Red House. Photo: Jeromy Barber

If you weren’t aware, a couple of weeks ago Houston was the setting for an immersive theatre experience called Red House over in the museum district. The production featured eight performances, all of which sold out almost immediately and featured music from Black Kite as well as LIMB with accompaniments by Chris Bakos, Cathy Power, and Tony Barilla. The list of performers that included child actors and members of the Houston Ballet, making the experience one that was truly memorable and mind blowing. I attended two performances, the first and the last, and what I took away was a study on where music can go, and how those who interact with it treat the overall encounter.

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Tony Barilla of Red House. Photo: Jeromy Barber

For starters, I won’t give away any secrets to the production. This is more of a study in performance than it is a show review to tell you what you missed. The production began the moment you entered the property, with Tony Barilla on accordion playing just steps away from the entry. Attendees mingled and had beverages, unaware that the scene of the rebellious teen was part of the experience, or that the child on the swing was as well. The scene was set in a world created by the team at Dinolion to live out the world of Black Kite’s Soft Animus Heart in an experience that was far from tame. The attendees got to experience the music and the storyline twice per performance set, and with each second the discovery of pain, loneliness, and heartbreak of the album’s lyrics were played out in front of all to see.

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Red House. Photo: Jeromy Barber

As someone who attended two performances, I can tell you that I saw others in attendance break the rules of not speaking unless spoken to, while many were left to wonder who was a part of it all and who wasn’t. While Vicki Tippit of Black Kite made her way throughout the house, singing with accompaniment by Chris Bakos and Cathy Power in each room, the players lived out the life of a teen who is tormented by a deeply religious upbringing and the secrets that come with such an intrusive belief structure. The dissonance of the mother, the anger and anguish of the teen, and the whimsical worry of the children were all acted to perfection with few words. The ballet dancers performed a sometimes playful routine with attendees who dared to break them from their performances, while their moves like that of acrobats still stick with me today.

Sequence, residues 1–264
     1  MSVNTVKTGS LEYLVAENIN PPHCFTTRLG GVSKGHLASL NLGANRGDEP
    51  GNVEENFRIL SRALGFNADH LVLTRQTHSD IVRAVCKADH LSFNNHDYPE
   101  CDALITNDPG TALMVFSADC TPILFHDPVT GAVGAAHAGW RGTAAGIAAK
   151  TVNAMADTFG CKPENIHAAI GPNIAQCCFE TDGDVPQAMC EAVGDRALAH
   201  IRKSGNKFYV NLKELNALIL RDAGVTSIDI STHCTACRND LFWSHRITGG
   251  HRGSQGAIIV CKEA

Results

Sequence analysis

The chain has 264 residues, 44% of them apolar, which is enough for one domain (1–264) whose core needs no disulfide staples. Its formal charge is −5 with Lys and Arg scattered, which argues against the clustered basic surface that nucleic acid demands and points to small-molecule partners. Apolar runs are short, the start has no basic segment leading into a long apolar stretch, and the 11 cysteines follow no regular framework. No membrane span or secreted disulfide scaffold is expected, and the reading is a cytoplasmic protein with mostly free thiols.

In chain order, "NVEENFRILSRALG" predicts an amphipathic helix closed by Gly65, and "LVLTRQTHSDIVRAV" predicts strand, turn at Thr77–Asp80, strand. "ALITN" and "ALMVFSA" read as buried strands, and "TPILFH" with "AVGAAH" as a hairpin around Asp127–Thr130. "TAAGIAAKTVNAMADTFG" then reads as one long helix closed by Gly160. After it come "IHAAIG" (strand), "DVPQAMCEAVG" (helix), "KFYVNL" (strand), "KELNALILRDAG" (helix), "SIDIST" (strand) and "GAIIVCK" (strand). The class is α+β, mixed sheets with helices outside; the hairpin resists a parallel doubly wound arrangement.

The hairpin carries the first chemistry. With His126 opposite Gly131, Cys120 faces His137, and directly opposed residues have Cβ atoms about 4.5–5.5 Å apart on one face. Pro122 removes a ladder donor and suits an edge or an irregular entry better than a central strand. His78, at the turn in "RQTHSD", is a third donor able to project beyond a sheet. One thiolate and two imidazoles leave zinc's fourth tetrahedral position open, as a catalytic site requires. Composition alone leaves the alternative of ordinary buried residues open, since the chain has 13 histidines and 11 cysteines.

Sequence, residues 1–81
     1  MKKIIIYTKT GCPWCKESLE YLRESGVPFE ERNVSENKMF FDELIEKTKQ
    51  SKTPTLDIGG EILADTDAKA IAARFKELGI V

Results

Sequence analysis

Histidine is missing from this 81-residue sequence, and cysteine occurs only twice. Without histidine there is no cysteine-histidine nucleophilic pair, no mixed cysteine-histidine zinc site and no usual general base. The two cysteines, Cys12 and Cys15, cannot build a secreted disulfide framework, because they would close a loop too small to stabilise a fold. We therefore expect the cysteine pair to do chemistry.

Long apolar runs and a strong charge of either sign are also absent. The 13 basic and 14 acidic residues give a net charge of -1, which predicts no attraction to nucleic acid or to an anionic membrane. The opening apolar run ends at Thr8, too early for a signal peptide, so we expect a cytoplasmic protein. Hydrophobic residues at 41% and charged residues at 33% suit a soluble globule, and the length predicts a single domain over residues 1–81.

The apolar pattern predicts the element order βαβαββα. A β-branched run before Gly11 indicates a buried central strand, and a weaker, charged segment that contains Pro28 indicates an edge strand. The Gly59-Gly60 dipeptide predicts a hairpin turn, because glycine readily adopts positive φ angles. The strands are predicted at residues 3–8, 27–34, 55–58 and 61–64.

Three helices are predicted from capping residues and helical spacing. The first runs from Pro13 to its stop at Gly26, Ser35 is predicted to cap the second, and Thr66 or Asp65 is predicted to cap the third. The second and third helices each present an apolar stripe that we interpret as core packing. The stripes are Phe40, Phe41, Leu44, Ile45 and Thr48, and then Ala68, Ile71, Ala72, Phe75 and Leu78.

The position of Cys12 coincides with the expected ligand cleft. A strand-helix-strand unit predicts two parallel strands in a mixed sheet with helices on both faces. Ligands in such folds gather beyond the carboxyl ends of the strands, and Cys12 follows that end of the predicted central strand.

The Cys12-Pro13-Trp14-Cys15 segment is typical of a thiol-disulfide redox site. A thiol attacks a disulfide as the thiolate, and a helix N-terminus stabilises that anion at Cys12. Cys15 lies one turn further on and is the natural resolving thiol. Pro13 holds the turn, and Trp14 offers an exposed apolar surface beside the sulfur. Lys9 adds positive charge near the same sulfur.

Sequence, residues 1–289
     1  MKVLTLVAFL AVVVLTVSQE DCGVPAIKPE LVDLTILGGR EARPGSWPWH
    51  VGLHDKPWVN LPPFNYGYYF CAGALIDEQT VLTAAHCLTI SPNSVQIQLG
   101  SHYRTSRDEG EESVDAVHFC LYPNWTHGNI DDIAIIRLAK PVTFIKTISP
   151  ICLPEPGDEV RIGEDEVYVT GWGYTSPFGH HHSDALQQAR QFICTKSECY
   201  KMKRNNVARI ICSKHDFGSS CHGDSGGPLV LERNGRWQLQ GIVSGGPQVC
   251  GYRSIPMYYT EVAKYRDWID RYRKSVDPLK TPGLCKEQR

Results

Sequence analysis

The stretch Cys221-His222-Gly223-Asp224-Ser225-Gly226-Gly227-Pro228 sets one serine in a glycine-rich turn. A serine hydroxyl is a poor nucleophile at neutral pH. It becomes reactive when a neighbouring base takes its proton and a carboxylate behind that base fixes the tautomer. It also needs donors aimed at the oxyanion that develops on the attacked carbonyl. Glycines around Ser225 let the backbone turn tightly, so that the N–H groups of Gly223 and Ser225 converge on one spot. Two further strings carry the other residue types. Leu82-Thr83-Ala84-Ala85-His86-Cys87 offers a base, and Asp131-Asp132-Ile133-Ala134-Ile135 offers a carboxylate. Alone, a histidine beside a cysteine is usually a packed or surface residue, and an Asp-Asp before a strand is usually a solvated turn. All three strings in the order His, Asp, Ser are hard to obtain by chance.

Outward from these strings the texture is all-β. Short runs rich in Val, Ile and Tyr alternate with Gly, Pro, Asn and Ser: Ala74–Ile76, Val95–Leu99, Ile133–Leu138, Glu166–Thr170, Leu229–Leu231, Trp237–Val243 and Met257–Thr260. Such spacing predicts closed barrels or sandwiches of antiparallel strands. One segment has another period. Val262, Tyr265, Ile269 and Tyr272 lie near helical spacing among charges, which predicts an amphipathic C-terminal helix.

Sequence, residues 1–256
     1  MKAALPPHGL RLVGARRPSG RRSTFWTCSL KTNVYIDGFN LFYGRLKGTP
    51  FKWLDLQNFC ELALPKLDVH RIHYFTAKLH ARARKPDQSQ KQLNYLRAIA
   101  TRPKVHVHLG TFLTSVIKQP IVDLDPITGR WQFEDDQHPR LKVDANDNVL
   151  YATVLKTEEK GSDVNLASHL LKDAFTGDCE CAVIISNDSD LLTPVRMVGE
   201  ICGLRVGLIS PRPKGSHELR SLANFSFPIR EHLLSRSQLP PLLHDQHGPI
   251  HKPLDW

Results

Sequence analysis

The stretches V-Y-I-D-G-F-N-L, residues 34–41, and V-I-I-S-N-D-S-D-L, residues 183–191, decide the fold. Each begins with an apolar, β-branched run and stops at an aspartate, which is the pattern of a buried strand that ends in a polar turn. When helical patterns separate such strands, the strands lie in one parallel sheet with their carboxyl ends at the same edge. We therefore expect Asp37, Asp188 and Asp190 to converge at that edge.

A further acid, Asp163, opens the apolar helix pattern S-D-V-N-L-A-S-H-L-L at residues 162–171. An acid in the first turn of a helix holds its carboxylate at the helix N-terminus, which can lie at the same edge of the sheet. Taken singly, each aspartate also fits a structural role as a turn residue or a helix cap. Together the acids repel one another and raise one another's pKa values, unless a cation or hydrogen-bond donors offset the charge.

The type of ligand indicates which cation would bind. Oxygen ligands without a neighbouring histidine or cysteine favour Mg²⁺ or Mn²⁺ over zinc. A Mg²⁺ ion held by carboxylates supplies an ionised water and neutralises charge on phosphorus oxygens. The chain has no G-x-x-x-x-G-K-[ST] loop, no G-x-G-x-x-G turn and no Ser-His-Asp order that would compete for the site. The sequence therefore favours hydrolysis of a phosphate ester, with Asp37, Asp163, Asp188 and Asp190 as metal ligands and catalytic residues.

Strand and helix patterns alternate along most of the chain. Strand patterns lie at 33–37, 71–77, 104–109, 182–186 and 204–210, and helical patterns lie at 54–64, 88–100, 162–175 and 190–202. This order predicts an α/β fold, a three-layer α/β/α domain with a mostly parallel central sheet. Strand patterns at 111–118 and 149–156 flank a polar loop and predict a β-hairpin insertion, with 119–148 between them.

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Red House. Photo: Jeromy Barber

The rooms, inhabited by characters, spirits, and attendees changed within minutes of leaving them. Copious amounts of furniture were moved while locked doors were opened to reveal something in sync with the storyline, while the music of Black Kite was offered up in a completely new and inventive way. Some attendees were given heart tags that made lights flicker when placed together with varying set pieces throughout the house, making the experience truly different and even more interactive. Some attendees were taken into rooms by characters only to find themselves having a secret revealed that only they would hear. I found myself torn between navigating through the world that was created and following the lives of the characters within Red House.

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Vicki Tippit of Black Kite. Photo: Jeromy Barber

Throughout it all, the lyrics of the album were what hit the hardest. The entire production was like lifting the veil from a record that was filled with as lush of a story as the music itself. The lyrics of “Wanting” hit hard when characters sang in unison “Everybody needs a seance and a tragedy,” while other tracks resonated with more intensity based on the words having a backstory to rely on. In “Terror,” the lyrics to the entire song now hit so hard that they almost made me cry. Hearing “There was never a future for me that wasn’t yours, I couldn’t find a comfort in that,” now means something completely different to me. It doesn’t end there, but I wonder who else that attended feels the same.

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Red House. Photo: Jeromy Barber

In asking those who I know went to one of the sold out performances, I found that while everyone had a mesmerizing experience, many walked away with something different. Several people told me that they were brought to tears, a couple told me that they felt they understood the album now, and many told me that they were forever changed by what they experienced. We could all agree that all of those involved did a masterful job of creating a universe for us to inhabit while leaving us with an impression that we could never forget.

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Chris Bakos of Red House. Photo: Jeromy Barber

Will we get to see Red House again? I cannot say, but neither can those who were involved in its production. As for now, we’re all left with our experiences, with a fond appreciation and respect for those involved in hopes that we’ll get one more chance to relive the world that was created again.